Start Date

10-5-2017 11:00 AM

End Date

10-5-2017 1:00 PM

Subjects

Structural frames -- Design and construction, Iron and steel buildings -- Thermal properties -- Mathematical models, Finite element method, Iron and steel building -- Joints -- Testing

Description

“Thermal bridge” is a term used for structural or non-structural elements that have higher heat transfer than any other elements or spots in the building envelope, reducing the efficiency of the building thermal insulation. About 20% of the heat occurs via such thermal bridges. Thermal insulations (thermal breaks) are used within a steel connection to mitigate the effect of thermal bridges. In this research, connections with steel fillers studied by Dusicka (2007) were simulated using the finite element (FE) program ABAQUS. The results from the FE model were validated with those from the experimental work done by Dusicka (2007) and showed very close behavior. After validating the numerical model, the steel fillers were replaced by alternative fillers with improved thermal properties as part of a parametric study. The main objective of this research is to prove the feasibility of using alternative fillers that have improved thermal properties for steel connections. This will provide structural engineers and architects with means to design buildings with improved thermal properties, hence advance their sustainability.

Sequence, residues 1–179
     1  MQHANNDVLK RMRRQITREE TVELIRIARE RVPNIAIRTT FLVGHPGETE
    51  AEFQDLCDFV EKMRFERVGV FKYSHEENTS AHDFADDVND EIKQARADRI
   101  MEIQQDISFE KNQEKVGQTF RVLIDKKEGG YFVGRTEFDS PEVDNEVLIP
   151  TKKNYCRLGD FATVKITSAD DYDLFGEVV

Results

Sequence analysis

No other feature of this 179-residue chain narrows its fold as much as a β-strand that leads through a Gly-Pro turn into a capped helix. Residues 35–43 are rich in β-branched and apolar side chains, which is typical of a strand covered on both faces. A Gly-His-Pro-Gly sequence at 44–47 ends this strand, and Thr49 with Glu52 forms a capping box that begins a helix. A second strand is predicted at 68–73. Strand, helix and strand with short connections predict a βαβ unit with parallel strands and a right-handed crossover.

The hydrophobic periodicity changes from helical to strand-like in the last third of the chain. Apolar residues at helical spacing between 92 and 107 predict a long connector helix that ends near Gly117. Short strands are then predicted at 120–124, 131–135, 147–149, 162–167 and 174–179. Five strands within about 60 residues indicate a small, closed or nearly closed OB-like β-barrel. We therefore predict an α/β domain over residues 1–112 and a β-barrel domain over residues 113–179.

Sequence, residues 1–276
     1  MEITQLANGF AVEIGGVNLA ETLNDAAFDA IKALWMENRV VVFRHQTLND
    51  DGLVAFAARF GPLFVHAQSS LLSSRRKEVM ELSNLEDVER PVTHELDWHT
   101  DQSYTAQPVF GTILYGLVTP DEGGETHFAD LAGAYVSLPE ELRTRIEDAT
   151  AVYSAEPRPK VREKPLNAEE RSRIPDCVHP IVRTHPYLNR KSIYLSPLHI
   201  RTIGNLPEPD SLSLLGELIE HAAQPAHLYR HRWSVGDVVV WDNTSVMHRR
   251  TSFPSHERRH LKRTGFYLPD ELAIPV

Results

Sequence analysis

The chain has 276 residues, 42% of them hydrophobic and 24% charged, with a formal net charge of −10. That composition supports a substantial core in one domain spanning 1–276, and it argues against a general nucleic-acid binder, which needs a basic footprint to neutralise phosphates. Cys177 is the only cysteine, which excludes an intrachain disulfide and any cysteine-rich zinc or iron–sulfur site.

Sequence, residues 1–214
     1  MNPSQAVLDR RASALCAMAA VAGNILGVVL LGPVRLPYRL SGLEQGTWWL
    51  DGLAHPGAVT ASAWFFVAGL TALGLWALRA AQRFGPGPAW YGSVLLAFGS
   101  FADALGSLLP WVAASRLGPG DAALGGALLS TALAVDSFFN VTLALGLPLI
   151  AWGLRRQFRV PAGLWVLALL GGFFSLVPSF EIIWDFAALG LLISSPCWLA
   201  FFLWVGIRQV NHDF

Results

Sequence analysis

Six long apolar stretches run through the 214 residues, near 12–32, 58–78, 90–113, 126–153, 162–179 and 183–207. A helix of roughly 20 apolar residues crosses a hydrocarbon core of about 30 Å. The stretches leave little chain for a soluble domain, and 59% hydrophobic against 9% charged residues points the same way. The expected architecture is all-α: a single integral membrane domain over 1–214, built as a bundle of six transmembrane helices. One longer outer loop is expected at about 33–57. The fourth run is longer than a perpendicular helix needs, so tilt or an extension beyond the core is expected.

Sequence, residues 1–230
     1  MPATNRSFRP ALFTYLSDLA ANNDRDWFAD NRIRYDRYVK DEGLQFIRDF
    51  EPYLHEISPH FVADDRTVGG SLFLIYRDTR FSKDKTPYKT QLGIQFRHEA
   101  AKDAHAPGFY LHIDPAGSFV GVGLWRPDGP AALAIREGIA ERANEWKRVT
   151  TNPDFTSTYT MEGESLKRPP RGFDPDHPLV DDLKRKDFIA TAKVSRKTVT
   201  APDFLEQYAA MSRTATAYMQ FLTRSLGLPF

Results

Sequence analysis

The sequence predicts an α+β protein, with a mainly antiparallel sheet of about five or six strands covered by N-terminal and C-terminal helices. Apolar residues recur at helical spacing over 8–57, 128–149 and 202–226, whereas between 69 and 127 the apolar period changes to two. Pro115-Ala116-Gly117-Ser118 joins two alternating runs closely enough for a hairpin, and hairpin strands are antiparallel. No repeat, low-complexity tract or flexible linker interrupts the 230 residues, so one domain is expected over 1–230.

Persistent Identifier

http://archives.pdx.edu/ds/psu/20085

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May 10th, 11:00 AM May 10th, 1:00 PM

FE Analysis of Alternative Thermal Breaks for Steel Buildings

“Thermal bridge” is a term used for structural or non-structural elements that have higher heat transfer than any other elements or spots in the building envelope, reducing the efficiency of the building thermal insulation. About 20% of the heat occurs via such thermal bridges. Thermal insulations (thermal breaks) are used within a steel connection to mitigate the effect of thermal bridges. In this research, connections with steel fillers studied by Dusicka (2007) were simulated using the finite element (FE) program ABAQUS. The results from the FE model were validated with those from the experimental work done by Dusicka (2007) and showed very close behavior. After validating the numerical model, the steel fillers were replaced by alternative fillers with improved thermal properties as part of a parametric study. The main objective of this research is to prove the feasibility of using alternative fillers that have improved thermal properties for steel connections. This will provide structural engineers and architects with means to design buildings with improved thermal properties, hence advance their sustainability.